Ideological monocultures create intolerance and hostility. When you never hear opposing perspectives and spend time only with people who reinforce your ideas, it breeds overconfidence. You come to think that the people expressing opposing perspectives are intellectually deficient or driven by sinister goals.
“If you are exposed to just one set of ideas, you’re not going to understand the other person’s perspective,” Matthew Blackwell, an economics and anthropology student at the University of Queensland, warns from his experience. “And even if they do begin to try to tell you their perspective, because you’re so used to an entirely different way of thinking you’re not going to be receptive at all.”
As a result, students and academics who challenge the zeitgeist are stigmatised by their colleagues and university administrations.
One academic tells of a marker recommending a fail grade to a student thesis critical of postmodernist interpretations of terrorism. “Having read parts of his thesis I am certain that it did not deserve a fail,” the academic says. “The only reason that I can think of for the examiner seeking to fail his thesis is ideologically based animus against his argument.”
An Australian psychology academic was investigated by his university for setting an assignment that surveyed students on gender differences with regards to jealously. “The underlying theory is evolutionary — jealousy is linked to biological sex and males and females respond differently,” the lecturer tells Inquirer.
A student accused the academic of “transphobia” in a pejorative Facebook post and complained to the university. The administrators spent months investigating, the lecturer was required to attend hours of meetings, and the dean of the school monitored lectures, ostensibly to make the student feel “safe”.
Social psychology literature has established that men respond more strongly to sexual infidelity, and women more strongly to emotional infidelity. The survey — which included “male”, “female” and “prefer not to say” options — was designed for students to test this theory and write up the results. The academic was never given a written complaint or formally cleared of wrongdoing and almost left his job because of the inquisition.
“I find myself having to be extremely careful, having a real anxiety about going into lectures and classes, and am very fearful of saying something that students find offensive,” the academic says. “That affects my teaching, it makes me feel uncomfortable, it makes it difficult to think and present freely and clearly.”
There have been many cases of censorship across Australian campuses. Last year, Monash University and the University of Sydney capitulated to demands for course content censorship — including a quiz and a map — by nationalistic Chinese international students. The University of Western Australia cancelled a contract to host “sceptical environmentalist” Bjorn Lomborg’s Australian Consensus Centre, and no Australian university was willing to host it.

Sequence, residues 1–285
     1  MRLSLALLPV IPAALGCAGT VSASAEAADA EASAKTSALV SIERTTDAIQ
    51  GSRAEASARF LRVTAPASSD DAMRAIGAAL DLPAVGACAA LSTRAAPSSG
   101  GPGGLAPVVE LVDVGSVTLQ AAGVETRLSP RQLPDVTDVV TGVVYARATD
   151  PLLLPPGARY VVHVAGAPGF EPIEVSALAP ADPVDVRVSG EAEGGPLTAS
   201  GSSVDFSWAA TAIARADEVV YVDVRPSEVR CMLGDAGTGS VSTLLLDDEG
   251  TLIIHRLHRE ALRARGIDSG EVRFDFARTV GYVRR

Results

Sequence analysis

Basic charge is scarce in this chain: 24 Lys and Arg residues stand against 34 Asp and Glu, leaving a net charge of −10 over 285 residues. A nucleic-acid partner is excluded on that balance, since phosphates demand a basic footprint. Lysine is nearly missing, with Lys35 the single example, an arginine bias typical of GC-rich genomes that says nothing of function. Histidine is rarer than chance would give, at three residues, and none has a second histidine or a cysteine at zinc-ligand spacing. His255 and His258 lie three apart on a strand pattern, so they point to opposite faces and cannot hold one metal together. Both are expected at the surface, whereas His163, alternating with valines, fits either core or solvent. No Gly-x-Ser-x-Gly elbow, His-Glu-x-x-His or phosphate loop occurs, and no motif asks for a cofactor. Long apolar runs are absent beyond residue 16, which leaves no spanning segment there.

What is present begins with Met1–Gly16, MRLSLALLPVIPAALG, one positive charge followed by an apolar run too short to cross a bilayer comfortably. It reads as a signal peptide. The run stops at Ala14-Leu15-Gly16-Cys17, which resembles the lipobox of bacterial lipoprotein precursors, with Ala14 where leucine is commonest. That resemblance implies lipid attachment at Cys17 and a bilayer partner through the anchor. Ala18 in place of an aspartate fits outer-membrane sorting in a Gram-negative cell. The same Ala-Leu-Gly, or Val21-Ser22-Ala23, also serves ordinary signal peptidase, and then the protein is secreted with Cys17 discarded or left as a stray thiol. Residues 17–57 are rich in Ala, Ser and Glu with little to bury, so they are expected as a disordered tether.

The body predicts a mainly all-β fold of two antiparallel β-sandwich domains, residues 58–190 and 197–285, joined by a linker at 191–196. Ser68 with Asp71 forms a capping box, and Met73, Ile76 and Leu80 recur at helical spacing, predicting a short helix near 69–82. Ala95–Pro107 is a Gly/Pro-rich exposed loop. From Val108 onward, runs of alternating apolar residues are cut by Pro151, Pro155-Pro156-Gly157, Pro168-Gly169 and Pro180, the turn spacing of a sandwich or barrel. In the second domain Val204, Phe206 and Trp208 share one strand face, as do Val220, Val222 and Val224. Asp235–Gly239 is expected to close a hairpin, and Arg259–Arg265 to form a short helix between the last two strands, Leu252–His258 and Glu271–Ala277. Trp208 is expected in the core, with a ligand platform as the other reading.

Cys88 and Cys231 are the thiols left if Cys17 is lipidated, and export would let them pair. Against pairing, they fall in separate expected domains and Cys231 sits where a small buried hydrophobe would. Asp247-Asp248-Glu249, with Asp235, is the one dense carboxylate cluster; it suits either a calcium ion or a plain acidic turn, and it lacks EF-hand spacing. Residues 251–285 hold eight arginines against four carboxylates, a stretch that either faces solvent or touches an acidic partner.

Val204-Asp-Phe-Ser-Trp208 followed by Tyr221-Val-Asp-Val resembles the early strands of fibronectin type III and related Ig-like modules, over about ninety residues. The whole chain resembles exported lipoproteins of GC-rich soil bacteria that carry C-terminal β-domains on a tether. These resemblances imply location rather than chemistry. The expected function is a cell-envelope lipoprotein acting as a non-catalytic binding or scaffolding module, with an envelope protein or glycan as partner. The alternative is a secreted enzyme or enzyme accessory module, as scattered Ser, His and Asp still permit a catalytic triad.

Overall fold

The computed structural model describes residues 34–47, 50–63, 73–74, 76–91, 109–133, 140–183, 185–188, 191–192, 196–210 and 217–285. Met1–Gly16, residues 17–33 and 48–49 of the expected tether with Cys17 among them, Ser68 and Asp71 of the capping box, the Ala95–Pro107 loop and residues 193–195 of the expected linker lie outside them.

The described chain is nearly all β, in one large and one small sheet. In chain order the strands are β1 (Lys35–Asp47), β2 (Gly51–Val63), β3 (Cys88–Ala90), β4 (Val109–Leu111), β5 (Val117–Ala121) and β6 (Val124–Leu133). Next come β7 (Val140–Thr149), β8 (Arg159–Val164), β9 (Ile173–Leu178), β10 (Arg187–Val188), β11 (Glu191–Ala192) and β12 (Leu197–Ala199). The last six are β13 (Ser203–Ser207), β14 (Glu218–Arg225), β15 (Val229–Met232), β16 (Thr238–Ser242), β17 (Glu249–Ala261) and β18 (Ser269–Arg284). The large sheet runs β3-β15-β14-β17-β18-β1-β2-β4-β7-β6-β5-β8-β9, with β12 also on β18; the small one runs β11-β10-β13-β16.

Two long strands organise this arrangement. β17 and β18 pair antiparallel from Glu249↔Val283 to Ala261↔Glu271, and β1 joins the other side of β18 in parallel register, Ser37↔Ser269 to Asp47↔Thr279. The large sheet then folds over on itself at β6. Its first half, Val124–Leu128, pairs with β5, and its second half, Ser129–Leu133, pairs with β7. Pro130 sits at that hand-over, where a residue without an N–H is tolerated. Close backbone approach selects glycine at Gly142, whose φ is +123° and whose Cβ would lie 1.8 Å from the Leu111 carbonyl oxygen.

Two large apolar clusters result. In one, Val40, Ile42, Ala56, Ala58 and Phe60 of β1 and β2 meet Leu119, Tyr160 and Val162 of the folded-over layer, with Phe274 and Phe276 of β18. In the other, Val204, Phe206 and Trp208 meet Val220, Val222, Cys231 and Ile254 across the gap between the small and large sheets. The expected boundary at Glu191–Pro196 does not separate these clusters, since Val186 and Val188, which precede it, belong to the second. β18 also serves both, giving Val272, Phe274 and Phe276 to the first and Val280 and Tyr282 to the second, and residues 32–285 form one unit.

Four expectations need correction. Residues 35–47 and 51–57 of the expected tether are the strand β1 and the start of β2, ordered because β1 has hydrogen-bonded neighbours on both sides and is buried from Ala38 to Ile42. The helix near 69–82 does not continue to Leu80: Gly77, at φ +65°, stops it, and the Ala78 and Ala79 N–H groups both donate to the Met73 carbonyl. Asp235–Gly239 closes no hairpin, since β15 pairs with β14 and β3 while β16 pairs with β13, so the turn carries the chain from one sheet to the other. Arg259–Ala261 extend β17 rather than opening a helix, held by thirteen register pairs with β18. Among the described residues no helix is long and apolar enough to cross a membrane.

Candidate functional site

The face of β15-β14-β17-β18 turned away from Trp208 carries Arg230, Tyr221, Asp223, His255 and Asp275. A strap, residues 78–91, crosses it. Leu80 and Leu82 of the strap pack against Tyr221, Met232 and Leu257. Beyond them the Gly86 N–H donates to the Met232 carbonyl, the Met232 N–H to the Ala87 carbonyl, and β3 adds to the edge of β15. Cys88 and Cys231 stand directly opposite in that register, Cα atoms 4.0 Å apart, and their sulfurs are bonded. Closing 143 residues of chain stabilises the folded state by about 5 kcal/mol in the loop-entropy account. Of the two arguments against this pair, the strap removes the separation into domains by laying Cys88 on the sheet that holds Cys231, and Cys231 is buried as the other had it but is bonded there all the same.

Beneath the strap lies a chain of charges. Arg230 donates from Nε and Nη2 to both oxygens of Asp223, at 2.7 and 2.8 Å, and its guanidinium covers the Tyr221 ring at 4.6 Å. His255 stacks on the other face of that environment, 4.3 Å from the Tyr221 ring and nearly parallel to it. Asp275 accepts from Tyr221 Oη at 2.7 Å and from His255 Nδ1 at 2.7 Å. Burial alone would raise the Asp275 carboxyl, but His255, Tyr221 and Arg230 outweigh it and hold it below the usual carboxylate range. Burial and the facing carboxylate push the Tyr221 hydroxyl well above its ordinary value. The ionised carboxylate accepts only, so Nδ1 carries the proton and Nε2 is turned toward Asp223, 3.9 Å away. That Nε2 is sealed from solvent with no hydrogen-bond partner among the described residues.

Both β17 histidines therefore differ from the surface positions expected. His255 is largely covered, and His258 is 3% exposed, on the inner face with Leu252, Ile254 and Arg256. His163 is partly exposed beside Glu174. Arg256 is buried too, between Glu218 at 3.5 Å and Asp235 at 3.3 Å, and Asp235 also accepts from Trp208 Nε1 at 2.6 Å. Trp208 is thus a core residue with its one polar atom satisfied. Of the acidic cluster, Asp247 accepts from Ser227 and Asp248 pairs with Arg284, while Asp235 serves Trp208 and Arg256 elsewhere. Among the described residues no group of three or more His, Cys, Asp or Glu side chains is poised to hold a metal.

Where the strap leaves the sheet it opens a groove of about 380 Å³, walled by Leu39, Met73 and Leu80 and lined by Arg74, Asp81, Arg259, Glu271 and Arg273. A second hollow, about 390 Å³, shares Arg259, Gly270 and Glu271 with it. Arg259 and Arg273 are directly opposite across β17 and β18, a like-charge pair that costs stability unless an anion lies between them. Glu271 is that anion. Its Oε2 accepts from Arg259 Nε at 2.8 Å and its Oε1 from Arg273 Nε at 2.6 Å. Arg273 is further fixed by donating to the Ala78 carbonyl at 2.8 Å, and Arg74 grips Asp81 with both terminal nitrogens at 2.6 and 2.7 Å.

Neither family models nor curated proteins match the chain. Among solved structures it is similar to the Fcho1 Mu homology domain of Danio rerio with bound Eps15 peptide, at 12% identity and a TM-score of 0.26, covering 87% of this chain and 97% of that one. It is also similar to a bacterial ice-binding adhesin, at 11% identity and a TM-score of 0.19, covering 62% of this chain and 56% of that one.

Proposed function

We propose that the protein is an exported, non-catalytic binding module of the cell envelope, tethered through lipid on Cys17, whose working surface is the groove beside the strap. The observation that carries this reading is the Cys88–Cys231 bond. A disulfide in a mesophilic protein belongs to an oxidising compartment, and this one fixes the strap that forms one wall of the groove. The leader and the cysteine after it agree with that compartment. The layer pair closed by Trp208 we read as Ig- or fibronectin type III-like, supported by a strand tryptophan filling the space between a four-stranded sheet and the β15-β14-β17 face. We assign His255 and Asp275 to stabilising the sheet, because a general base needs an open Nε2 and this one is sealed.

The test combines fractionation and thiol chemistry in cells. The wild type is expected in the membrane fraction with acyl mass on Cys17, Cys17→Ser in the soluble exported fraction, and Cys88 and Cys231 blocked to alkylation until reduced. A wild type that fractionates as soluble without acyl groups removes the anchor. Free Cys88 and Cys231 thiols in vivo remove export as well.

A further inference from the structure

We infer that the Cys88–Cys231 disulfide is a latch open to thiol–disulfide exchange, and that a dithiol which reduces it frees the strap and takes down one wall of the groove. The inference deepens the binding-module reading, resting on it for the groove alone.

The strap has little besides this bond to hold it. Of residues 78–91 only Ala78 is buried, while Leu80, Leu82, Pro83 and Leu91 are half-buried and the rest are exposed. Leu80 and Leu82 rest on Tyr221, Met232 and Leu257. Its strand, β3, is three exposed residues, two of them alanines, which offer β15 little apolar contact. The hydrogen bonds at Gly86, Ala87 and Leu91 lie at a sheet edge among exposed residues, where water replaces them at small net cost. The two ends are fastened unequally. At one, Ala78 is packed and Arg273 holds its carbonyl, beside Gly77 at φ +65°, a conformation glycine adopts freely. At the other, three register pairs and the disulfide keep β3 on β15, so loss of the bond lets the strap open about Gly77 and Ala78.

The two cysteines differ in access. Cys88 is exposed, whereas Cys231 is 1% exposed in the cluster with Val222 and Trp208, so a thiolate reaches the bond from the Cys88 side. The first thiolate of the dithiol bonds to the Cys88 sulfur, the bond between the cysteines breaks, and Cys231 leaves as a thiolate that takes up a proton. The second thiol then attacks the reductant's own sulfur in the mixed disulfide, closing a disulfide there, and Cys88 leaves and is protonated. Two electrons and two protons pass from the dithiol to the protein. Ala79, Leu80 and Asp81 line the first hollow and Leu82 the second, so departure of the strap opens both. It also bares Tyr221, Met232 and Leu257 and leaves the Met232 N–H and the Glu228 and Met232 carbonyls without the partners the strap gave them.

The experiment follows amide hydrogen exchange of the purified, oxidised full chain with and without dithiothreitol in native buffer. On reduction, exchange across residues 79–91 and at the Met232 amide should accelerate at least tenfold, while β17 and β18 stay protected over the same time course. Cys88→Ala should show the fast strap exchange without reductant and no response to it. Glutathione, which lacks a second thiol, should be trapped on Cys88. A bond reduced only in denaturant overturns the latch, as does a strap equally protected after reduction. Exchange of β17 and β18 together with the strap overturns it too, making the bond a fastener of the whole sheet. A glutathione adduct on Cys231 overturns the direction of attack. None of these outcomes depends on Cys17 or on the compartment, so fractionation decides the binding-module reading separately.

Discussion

The monoculture has institutional backing through university policies and censorship.
The IPA’s Free Speech on Campus Audit 2017, which analysed more than 165 policies and actions at Australia’s 42 universities, found that four in five universities had policies or had taken action that was hostile to free speech.
University policies prevent “insulting” and “unwelcome” comments, “offensive” language and, in some cases, “sarcasm” and “hurt feelings”. Some policies tell students and academics they are “expected” to value “social justice”, a progressive political notion. These misguided policies make it difficult to explore controversial ideas without fear of reprisal.
Florian Ploeckl, a senior lecturer in economics at the University of Adelaide, says many academics bite their tongue on controversial topics. “If working on these topics is essentially futile, why should we make ourselves into targets for Twitter mobs and social media crusades?”
Ploeckl warns that academics instead are ceding the space to “activists with their fundamentalist convictions” who do not approach topics scientifically. “Funding is easier and more plentiful if you pick the right topic, publishing is easier if you don’t rock the boat and life in the department is easier if you see the world in the same way your colleagues do,” he says.
David Baker, a lecturer in history at Macquarie University, says while most academics are open to diverse viewpoints, “there is a small group of academics, whose behaviour can only be described as sinister, who are in the business of brainwashing their students and who will try to harm the careers of colleagues they deem heretical to their ideology … Grades can be devastated, careers can be cut short and there is very little one can do about it.”
The lack of viewpoint diversity ultimately has an effect on the quality of public discourse. “Universities and academics are uncritically accepting some theories, teaching them to students, and they are finding their way into society, influencing businesses and political debate,” says Hardy Hulley, a finance senior lecturer at University of Technology Sydney who identifies as “pretty liberal”.
The late Stephen Hawking once warned: “The greatest enemy of knowledge is not ignorance, it’s the illusion of knowledge.” Our ability to expose errors and discover truths is hampered by lack of free and open discussion.
There are reasons to be optimistic. The existence of Heterodox Academy indicates a willingness by some to challenge the orthodoxy. “I joined Heterodox because I wanted to pull myself away from my echo chamber and consider more diverse viewpoints,” says Lydia Hayward, a psychology researcher at the University of NSW.
In the US, some institutions are staking their reputation on being open to debate.
The University of Chicago has declared that “it is not the proper role of the university to attempt to shield individuals from ideas and opinions they find unwelcome, disagreeable or even deeply offensive.” Thirty-five US universities have adopted this statement.
Federal Education and Training Minister Simon Birmingham, in response to the concerns raised by Heterodox Academy members, has stressed the importance of views being challenged.
“Any university that limits constructive debate doesn’t just do themselves a huge disservice, they let down the Australian public and taxpayers who chip in most of their university revenue,” he tells Inquirer. “University leaders who aren’t fostering debate on campus need to remember that the autonomy they are granted comes with the responsibility to understand the social licence taxpayers give them to operate.”